Subject: Re: support for 'macro' formatting languages From: MARK.WROTH@xxxxxxxxxxx (Wroth, Mark) Date: Tue, 21 Dec 1999 15:47:16 0800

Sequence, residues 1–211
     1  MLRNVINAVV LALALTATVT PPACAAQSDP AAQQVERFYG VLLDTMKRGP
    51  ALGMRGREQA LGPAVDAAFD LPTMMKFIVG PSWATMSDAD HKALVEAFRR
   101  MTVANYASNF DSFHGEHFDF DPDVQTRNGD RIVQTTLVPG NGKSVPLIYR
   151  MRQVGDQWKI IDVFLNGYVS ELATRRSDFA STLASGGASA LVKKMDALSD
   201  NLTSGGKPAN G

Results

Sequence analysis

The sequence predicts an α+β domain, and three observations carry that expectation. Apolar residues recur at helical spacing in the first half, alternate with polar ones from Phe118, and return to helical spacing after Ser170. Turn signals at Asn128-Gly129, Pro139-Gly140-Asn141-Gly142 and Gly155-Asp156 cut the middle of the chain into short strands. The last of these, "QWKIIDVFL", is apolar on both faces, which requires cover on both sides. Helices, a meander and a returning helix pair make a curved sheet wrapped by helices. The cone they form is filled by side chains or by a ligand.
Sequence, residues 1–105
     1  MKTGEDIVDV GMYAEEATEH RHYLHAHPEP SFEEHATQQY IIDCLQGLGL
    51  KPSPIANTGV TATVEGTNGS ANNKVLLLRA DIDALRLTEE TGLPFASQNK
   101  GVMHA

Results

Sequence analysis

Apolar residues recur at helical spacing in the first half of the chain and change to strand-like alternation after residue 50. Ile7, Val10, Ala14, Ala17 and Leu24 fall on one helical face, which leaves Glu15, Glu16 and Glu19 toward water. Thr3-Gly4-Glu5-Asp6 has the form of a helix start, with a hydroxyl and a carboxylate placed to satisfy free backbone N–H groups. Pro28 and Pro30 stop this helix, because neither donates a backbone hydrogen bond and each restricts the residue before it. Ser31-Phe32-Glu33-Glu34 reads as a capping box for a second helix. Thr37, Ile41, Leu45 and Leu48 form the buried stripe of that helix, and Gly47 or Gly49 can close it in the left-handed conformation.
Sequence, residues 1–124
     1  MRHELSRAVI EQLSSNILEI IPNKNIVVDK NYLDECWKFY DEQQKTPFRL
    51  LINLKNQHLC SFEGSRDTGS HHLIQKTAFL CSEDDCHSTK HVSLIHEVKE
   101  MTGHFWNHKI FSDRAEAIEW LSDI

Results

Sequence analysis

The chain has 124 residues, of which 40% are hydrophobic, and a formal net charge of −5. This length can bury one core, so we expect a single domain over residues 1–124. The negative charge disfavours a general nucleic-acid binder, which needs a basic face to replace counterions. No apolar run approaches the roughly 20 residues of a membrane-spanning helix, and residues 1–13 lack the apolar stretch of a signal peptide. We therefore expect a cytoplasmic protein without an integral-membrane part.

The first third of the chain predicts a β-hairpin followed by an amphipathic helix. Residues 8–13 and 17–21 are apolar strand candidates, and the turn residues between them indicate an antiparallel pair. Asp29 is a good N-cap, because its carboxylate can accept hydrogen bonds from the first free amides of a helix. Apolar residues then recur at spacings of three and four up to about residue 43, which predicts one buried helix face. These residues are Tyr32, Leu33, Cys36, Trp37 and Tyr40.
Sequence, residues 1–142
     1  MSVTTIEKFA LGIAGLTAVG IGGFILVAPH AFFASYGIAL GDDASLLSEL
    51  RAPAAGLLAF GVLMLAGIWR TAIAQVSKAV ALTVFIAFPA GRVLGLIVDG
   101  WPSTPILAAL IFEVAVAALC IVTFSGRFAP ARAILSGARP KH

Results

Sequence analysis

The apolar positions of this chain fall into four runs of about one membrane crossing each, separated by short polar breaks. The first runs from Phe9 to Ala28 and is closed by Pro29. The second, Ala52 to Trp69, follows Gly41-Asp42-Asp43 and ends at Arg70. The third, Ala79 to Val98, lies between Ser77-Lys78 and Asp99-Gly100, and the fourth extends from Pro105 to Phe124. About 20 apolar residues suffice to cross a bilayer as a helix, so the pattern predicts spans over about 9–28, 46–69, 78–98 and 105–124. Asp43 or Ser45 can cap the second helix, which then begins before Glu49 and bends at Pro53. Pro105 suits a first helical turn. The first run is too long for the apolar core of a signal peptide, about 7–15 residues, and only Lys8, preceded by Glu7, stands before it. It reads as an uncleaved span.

Rather than quote the extensive discussion on MathML versus TeX as a language for mathematics, I'll just throw my own two cents worth in. TeX was designed, in part, to handle mathematics by someone who spent a great deal of time and effort trying to design algorithms which would produce pleasing and correct mathematical displays. But Knuth in essence admitted defeat on the issue of breaking multiline formulae, despite some very heavy duty work on breaking lines and pages. His comment It's quite an art to decide how to break long displayed formulas into several lines; \TeX\ never attempts to break them, because no set of rules is really adequate. The author of a mathematical manuscript is generally the best judge of what to do, since break positions depend on subtle factors of mathematical exposition. For example, it is often desirable to emphasize some of the symmetry or other structure that underlies a formula, and such things require a solid understanding of exactly what is going on in that formula. (in The TeXbook) points out that there are frequently issues related to the underlying meaning of the formula which affect where it should be broken. MathML has some potential for helping in this regard, but I suspect we're a long way from being able to completely specify this oneand the idea of including hints on how to break the formula, which is natural to TeX, seems foreign to an SGML based system. The second point is that TeX notation was designed with the typist in mind; the typesetter does quite a bit of work based on minimal notation in the input file. As long as we're typing ASCII input files at moreorless ASCII terminals, I'll vote for TeX over MathML any day. But this is not necessarily the way the world is going. When (if) there's a standard way to "type" quasiGUI material in the editor, I'll stop caring so much about how the input file is structured. MathML might offer such a potential, if it truly catches on as a standard and there's enough demand for the ability to do good mathematics in SGML/XML editors. But I'm not hopeful; Microsoft's Equation Editor seems about as far as we're likely to get, and we may be lucky to get that. TeX's status as a quasistandard has, by the way, lead to something very like what I've been describing, based on (La)TeX; TCI's Scientific Workplace is a GUI front end to LaTeX, with Maple thrown in for good measure. I've found it to be very useful in this regard, although I've also been known to start there and convert to "pure" LaTeX for continued editing. (No, I don't work for, or get a commission from, TCI. But their product seems relevant to this discussion). DSSSList info and archive: http://www.mulberrytech.com/dsssl/dssslist
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